Wednesday, April 28, 2010

The Boy I'll Never Forget

Photo: A boy and his sister in Port Au Prince, Haiti.

"There are always two people in every photograph, the subject and the photographer." -Ansel Adams

It has been one month since I walked the streets of Port Au Prince with my camera. A month ago today, I ventured into the heart of darkness, of devastation and human suffering. So today, I went through my photo's, and there was one that instantly stood out. Here is the story of the one depicted above:

The Reason


When the earthquake first struck, within hours I was asked by news agencies from around the world if I'd be interested in going. Instantly, I weighed my options. I wasn't concerned about the money they'd pay me or the safety of my team--nor was I overly scared of being in danger. At the time, CNN had choppered in Anderson Cooper a few hours earlier, so I knew I'd be in the forefront of this coverage. It was an assignment few photogs would turn away. But there was something in me that held me back. Something that, to this day, I cannot explain. Maybe I was afraid of what I'd see. Perhaps, terrified of what I'd come back with.

Kindly, I declined and waited for the dust to settle. I wanted to see how long the media would stay before something else made headlines.

Three months later, after all the Anderson Coopers and Wolf Blitzer's had left, I decided to go to Haiti as a volunteer photographer for various non-profits. It was the best decision I have ever made.

As a photographer, there comes a time in my life when I start to question the purpose of my work, the reason why I do what I do--and ultimately, when one thinks about it, it also becomes the reason why I am the person I am today. My work depicts who I am and becomes my only reason.

I went to Haiti without deadlines, with no real agenda or editors screaming for my work. I went there for myself--to tell stories that mattered to me most and to fill a need for the organizations that would use my photo's to serve causes I believed in. For the first time in a long time, I no longer felt guilty while shooting the plight of those who suffer. I felt like someone serving a purpose--someone who, without any medical knowledge or life saving abilities, was just as important as those who did have that gift.

The Boy I'll Never Forget

Walking through a crowded refugee camp, I decided to break away from my group and ventured off on my own. I came upon an area of the camp most quiet--where the wind blew card board boxes away without anyone chasing after it for shelter. Sometimes, the best photo's are found when no one is around. So I kept walking.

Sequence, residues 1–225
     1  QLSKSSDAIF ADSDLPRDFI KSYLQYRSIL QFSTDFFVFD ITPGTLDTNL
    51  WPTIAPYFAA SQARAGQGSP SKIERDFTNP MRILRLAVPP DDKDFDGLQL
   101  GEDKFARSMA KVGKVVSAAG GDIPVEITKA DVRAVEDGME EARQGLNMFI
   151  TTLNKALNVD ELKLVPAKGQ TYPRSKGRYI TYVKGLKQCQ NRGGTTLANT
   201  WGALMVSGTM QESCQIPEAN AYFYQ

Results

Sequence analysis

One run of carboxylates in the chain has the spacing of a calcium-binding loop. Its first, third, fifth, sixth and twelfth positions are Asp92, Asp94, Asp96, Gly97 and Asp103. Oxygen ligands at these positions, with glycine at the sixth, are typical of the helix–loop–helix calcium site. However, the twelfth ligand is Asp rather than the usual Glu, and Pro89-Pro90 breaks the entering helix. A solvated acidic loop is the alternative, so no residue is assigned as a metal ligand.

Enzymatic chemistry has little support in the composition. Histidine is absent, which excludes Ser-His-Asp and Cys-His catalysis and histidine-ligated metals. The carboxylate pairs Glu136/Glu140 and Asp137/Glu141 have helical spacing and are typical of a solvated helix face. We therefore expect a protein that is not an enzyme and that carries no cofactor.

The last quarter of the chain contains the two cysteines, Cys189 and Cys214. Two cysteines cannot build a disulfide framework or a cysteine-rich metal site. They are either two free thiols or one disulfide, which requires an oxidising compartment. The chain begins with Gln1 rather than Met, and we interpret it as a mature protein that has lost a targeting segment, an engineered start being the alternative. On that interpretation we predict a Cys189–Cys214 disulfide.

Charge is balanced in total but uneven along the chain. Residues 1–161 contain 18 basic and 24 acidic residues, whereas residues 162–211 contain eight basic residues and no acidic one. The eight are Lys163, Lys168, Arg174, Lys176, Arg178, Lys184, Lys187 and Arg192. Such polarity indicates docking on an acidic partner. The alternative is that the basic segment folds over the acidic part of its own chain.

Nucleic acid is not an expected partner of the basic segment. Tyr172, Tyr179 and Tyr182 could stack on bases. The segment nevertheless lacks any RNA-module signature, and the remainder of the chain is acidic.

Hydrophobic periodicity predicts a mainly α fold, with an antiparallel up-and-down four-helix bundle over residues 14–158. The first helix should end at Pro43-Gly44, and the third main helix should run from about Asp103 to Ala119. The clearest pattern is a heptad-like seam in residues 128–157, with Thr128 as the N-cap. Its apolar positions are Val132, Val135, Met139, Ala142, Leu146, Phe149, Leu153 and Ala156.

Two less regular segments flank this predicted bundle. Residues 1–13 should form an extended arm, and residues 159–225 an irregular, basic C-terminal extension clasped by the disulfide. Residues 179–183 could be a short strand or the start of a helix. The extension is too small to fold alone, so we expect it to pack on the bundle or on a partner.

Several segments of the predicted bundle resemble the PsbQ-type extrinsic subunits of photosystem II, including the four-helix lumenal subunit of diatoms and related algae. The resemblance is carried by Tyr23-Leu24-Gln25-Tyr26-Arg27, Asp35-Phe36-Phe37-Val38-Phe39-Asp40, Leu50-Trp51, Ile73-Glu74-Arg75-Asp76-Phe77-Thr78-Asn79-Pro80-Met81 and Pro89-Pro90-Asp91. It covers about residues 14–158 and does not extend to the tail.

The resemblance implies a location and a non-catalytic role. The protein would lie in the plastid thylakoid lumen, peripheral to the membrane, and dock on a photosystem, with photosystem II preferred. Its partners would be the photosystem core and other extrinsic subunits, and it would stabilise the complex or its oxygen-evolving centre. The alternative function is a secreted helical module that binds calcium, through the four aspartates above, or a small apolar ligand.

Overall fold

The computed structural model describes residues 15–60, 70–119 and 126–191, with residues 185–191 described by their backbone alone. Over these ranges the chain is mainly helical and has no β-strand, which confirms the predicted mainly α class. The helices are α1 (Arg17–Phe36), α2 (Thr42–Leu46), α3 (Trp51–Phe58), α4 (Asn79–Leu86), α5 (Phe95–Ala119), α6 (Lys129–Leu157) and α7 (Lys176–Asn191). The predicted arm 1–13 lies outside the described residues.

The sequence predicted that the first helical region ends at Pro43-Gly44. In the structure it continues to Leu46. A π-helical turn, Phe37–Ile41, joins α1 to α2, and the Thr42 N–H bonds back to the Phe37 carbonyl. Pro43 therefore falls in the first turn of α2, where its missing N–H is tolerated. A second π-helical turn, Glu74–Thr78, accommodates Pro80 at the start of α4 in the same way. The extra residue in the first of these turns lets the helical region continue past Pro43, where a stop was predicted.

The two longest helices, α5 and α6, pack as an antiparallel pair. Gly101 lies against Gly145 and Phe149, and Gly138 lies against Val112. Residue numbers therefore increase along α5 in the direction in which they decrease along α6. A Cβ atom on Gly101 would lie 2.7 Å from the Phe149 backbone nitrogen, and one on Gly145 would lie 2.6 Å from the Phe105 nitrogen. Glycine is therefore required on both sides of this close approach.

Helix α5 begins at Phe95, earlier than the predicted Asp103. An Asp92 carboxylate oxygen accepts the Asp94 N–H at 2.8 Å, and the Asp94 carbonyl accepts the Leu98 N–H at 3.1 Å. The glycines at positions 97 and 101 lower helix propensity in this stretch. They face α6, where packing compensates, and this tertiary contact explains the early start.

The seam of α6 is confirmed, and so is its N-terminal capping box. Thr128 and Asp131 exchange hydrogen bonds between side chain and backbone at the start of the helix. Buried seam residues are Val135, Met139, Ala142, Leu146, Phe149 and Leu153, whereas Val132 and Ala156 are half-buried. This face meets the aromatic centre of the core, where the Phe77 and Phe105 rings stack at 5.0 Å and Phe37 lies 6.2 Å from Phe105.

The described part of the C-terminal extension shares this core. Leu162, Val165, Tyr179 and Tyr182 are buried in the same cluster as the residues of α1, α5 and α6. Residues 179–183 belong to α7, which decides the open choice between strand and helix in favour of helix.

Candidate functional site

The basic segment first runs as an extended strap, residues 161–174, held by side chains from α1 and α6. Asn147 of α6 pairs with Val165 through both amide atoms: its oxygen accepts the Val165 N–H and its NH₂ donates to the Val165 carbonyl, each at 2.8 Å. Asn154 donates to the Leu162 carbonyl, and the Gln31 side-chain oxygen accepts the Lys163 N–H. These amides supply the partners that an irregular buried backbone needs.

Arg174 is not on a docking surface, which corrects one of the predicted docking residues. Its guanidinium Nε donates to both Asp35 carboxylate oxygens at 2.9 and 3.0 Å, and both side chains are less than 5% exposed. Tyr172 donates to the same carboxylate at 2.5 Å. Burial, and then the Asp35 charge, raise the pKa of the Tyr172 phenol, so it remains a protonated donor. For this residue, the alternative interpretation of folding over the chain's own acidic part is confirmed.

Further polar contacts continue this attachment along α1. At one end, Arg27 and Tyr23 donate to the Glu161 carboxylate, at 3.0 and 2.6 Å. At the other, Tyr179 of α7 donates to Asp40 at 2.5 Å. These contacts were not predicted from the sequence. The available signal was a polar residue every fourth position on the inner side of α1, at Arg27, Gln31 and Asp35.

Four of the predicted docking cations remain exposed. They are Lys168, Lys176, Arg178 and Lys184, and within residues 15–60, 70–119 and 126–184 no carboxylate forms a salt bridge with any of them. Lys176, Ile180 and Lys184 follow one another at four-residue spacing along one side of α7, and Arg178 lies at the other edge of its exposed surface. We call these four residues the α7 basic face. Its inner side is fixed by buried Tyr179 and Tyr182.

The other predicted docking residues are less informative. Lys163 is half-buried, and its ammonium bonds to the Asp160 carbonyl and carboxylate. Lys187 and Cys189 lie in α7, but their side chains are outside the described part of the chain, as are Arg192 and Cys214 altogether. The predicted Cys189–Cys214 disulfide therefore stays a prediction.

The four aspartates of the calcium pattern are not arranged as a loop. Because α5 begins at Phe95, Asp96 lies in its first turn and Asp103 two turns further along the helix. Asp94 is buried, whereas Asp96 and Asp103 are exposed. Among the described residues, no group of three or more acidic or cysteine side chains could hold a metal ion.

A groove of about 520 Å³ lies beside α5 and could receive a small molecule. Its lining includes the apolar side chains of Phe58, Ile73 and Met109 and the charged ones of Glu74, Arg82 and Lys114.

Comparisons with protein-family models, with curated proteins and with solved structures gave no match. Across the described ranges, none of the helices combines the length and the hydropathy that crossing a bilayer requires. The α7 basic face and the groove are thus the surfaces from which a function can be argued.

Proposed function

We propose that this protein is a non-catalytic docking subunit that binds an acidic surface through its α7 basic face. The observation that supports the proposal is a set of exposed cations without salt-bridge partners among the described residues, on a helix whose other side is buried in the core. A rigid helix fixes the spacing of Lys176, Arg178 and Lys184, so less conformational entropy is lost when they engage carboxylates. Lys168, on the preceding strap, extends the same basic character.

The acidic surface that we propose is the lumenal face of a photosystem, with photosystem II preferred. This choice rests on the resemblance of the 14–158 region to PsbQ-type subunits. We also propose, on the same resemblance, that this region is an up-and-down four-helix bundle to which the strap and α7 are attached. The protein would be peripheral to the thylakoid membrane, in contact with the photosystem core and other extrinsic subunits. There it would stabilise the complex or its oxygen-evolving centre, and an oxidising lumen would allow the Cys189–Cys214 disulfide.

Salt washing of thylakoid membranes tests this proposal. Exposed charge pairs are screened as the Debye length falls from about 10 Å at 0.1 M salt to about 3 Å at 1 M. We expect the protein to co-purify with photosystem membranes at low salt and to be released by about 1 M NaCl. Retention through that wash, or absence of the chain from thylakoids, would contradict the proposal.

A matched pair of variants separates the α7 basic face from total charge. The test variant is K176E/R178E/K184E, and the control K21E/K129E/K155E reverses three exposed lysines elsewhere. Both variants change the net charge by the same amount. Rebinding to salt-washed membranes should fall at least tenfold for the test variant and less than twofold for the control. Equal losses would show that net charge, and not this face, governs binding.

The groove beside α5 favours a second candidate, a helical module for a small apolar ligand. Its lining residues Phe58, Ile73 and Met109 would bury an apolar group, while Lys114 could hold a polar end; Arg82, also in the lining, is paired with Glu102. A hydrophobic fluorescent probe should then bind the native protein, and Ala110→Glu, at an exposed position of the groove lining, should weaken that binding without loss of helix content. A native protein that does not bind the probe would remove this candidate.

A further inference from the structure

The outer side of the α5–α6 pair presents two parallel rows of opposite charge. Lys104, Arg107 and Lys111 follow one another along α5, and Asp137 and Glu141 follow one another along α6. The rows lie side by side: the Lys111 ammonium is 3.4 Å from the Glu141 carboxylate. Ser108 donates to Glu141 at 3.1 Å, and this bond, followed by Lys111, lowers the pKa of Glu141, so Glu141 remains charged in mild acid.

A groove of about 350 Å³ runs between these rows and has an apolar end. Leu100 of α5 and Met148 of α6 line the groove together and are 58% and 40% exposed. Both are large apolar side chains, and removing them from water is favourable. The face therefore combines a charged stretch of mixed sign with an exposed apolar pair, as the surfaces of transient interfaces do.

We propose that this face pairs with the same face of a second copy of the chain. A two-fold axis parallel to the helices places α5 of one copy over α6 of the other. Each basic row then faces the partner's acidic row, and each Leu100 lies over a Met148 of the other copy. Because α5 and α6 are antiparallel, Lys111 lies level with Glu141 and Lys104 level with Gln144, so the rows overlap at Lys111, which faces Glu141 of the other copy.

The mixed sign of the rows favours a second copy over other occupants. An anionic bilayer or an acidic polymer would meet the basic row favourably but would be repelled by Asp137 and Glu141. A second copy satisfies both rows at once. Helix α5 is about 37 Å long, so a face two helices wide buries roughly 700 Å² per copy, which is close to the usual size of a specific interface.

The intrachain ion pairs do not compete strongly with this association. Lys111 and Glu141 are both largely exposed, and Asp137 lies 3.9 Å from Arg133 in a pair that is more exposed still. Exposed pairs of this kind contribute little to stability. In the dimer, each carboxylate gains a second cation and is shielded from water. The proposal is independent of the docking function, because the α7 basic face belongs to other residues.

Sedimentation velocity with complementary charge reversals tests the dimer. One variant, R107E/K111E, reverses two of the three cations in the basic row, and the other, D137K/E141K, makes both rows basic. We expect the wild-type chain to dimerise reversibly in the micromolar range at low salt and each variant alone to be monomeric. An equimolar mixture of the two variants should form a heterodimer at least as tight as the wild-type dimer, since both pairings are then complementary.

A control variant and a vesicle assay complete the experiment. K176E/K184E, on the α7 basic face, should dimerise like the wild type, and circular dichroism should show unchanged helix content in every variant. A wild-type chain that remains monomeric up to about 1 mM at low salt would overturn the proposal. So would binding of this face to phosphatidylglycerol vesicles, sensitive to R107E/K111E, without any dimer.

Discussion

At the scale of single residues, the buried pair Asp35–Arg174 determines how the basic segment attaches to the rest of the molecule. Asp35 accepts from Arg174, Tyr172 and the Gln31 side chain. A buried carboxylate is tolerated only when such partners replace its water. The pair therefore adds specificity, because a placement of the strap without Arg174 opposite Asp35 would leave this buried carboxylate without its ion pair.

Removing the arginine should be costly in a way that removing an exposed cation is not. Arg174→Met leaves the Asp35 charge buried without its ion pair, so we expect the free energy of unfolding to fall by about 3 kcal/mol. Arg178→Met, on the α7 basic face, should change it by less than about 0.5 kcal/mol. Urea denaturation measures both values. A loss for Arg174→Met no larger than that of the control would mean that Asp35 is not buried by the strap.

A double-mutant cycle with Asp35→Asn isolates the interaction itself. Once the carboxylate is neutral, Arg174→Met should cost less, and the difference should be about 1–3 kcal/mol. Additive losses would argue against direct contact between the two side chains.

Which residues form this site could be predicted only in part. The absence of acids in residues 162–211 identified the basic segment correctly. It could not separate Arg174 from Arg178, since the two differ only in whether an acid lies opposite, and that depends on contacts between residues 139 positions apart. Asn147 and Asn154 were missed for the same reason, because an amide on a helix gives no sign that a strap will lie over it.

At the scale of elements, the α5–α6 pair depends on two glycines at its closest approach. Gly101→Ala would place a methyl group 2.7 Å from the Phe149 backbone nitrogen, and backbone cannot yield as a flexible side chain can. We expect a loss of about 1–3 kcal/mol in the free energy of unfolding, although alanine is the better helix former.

Turning the corner, I noticed a boy sitting on a red chair. He was facing the other way and didn't see me coming. At that very moment, I thought to myself I had found the perfect shot: a lonely boy sitting by himself with rows of tents in the background. I snapped a few frames--and instantly, he heard my shutter flipping and turned to look directly into my lens. That was when I had lost my breath.

It was one of those moments in my life when the world had suddenly stopped. Moments when, through my lens, I'd blink uncontrollably trying to dictate what I was seeing.

Through my viewfinder, I saw flies hovering around his face, in his mouth, his nose, eyes and ears. For a brief moment, my mind didn't see the boy--but just flies like vultures consuming him--alive. (Click on image above to enlarge and you will see).

I froze and put my camera down. I stood there looking at him and nearly cried. A few seconds later his sister came behind him. They looked back at me and waved. And as soon as I waved back, the boy broke into the biggest smile I had ever seen. Flies entered his mouth.

With my heart wrenching, I managed to pull myself together to snap one frame.

That night, laying in my tent, his image played back in my dreams. I couldn't help but to wonder how much I had impacted his life in order for him to smile like that. Despite his condition--with flies in his mouth, he smiled at me--and because of that, I couldn't come to terms with myself for taking that picture--for being there at that moment. I think I cried myself to sleep that night.

******

Note:

I'm sorry, but I can no longer write this post. I don't know why this image has haunted me so much since my return. I thought that by going to Haiti without deadlines and without being paid would make my heart feel better at night--but it hasn't. No matter how I work, the images that I capture still plays with my head. There's something beautiful about his smile--yet at the same time it haunts me. Sometimes, I wish I was never there for him to see me. Why? I'd like to know what you think.